Sioux Valley Dakota Nation has been hit hard by the meth crisis. Nearly everyone has a painful story of a relative, friend, or neighbour who got hooked on the easily-available and affordable drug.
It’s estimated that more than 100 Sioux Valley residents use meth, which is a staggering 10 per cent of the population living there. The highly-addictive drug is being dealt right out of homes on the reserve, says Melissa Bone.
She’s president of the fledgling Bear Clan group launched in Sioux Valley last fall in response to the meth problem. The need to take action sprang from her personal experience.
“I have been touched by this crisis and I didn’t know how to handle it myself. I had no way to deal with it, who to talk to, and how to help them.”
Bone is the legal guardian of her niece’s 11-year-old son. The boy’s mother is addicted to meth and currently in jail. Bone talks to him about drugs openly and frankly.
“When there’s a cycle of addiction in your family, you need to talk to young people about what it did to you and them, how bad it can be.”
In fact, education is a key piece of the Bear Clan’s work in a community that previously had only the police to turn to.
“They (police) came and took one of my family members to the drunk tank three nights in a row because he was in withdrawal, he was paranoid and hallucinating. And we didn’t know how to make him feel safe and convince him that nobody was following him or trying to kill him.”
“He begged us to call police because the only place he felt safe was locked in that cell.”
Last fall, Bone contacted the Bear Clan Patrol in Winnipeg and asked them to help her set up a group on the First Nations community located near Griswold. Fifteen local volunteers signed on.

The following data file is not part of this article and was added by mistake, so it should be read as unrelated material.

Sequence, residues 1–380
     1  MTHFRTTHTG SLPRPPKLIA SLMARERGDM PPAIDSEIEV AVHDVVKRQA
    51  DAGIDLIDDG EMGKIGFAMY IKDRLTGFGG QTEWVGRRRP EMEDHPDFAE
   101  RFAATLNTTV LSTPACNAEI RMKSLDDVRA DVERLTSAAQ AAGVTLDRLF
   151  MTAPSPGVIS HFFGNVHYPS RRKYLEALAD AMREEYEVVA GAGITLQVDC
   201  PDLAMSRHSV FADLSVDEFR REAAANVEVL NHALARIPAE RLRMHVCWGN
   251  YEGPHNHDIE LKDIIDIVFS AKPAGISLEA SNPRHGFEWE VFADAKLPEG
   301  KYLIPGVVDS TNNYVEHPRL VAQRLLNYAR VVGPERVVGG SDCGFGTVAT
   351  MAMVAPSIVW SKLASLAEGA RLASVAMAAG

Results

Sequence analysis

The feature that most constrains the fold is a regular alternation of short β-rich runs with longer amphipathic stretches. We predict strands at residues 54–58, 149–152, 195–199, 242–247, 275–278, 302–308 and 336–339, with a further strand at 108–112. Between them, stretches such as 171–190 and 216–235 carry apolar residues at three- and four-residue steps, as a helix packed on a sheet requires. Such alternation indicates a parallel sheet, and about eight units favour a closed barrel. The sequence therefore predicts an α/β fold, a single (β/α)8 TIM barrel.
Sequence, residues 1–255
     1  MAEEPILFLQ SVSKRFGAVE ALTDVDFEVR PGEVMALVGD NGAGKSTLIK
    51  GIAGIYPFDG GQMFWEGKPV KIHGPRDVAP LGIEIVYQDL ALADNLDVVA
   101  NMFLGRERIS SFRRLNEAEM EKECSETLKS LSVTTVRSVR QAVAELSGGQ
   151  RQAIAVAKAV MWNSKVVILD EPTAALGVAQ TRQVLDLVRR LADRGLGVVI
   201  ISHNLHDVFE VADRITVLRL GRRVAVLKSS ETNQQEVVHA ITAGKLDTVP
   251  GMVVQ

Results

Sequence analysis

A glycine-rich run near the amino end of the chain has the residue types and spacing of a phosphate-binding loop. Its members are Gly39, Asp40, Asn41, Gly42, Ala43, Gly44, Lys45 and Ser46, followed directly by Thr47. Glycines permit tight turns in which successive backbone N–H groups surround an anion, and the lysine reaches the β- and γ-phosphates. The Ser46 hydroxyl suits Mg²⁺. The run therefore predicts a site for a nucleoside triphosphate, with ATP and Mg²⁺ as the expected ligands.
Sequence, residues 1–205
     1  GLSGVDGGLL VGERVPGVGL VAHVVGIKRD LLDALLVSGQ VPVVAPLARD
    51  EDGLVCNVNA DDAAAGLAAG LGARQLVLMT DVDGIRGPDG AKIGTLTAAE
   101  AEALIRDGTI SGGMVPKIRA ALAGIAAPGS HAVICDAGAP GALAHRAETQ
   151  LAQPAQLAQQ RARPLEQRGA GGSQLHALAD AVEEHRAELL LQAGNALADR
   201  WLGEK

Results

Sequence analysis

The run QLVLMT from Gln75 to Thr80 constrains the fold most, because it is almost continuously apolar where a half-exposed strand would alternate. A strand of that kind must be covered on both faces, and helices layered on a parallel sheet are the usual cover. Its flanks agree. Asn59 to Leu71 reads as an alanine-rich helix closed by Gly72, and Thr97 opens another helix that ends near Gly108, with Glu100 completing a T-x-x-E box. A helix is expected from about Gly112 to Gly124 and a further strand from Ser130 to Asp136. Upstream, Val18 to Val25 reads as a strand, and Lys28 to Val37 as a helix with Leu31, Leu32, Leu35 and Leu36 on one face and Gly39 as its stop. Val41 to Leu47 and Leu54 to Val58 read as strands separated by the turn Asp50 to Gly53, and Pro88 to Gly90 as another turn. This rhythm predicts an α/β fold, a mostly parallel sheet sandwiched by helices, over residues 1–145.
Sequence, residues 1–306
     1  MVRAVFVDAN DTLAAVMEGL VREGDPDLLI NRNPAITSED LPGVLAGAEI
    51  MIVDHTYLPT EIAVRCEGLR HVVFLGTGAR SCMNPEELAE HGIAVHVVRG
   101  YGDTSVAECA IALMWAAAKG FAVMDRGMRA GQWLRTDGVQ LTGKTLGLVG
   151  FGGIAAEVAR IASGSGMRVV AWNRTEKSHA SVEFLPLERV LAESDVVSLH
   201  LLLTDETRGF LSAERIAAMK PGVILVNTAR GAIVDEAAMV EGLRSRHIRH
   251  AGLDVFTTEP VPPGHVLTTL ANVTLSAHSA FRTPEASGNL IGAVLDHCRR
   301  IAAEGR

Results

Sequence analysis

The original plan was to conduct patrols to collect used needles, identify dealers’ homes, and offer help to users. But busy schedules made it hard to get a regular patrol off the ground.
Their goal now, says Bone, is to visit every home in Sioux Valley to educate and offer the Bear Clan’s help when needed, not as an authority figure, she stresses, but a resource.
For example, residents need to learn how to recognize the common meth withdrawal symptoms, know what to do and who to call for help. But, she urges, know your limits.
“Don’t try to force them to quit, just make sure they are eating and sleeping. It can be risky and unsafe (to challenge them), they could fly into a rage and hurt you if they’re on meth.”
The RCMP’s Virden Detachment provides policing services to Sioux Valley and is on the front lines of the meth fight. Staff Sargent Joe Frizzley is pleased to have the newest Bear Clan on the scene.
“I think the Bear Clan in Sioux Valley is great news for their community as this is a positive step in keeping it safe.”
The first Bear Clan began in Winnipeg in 1992 as a community-based means of crime prevention and personal safety. Members use traditional practices to guide their work in a non-violent, supportive way. There are also Bear Clan patrols in Brandon and Selkirk.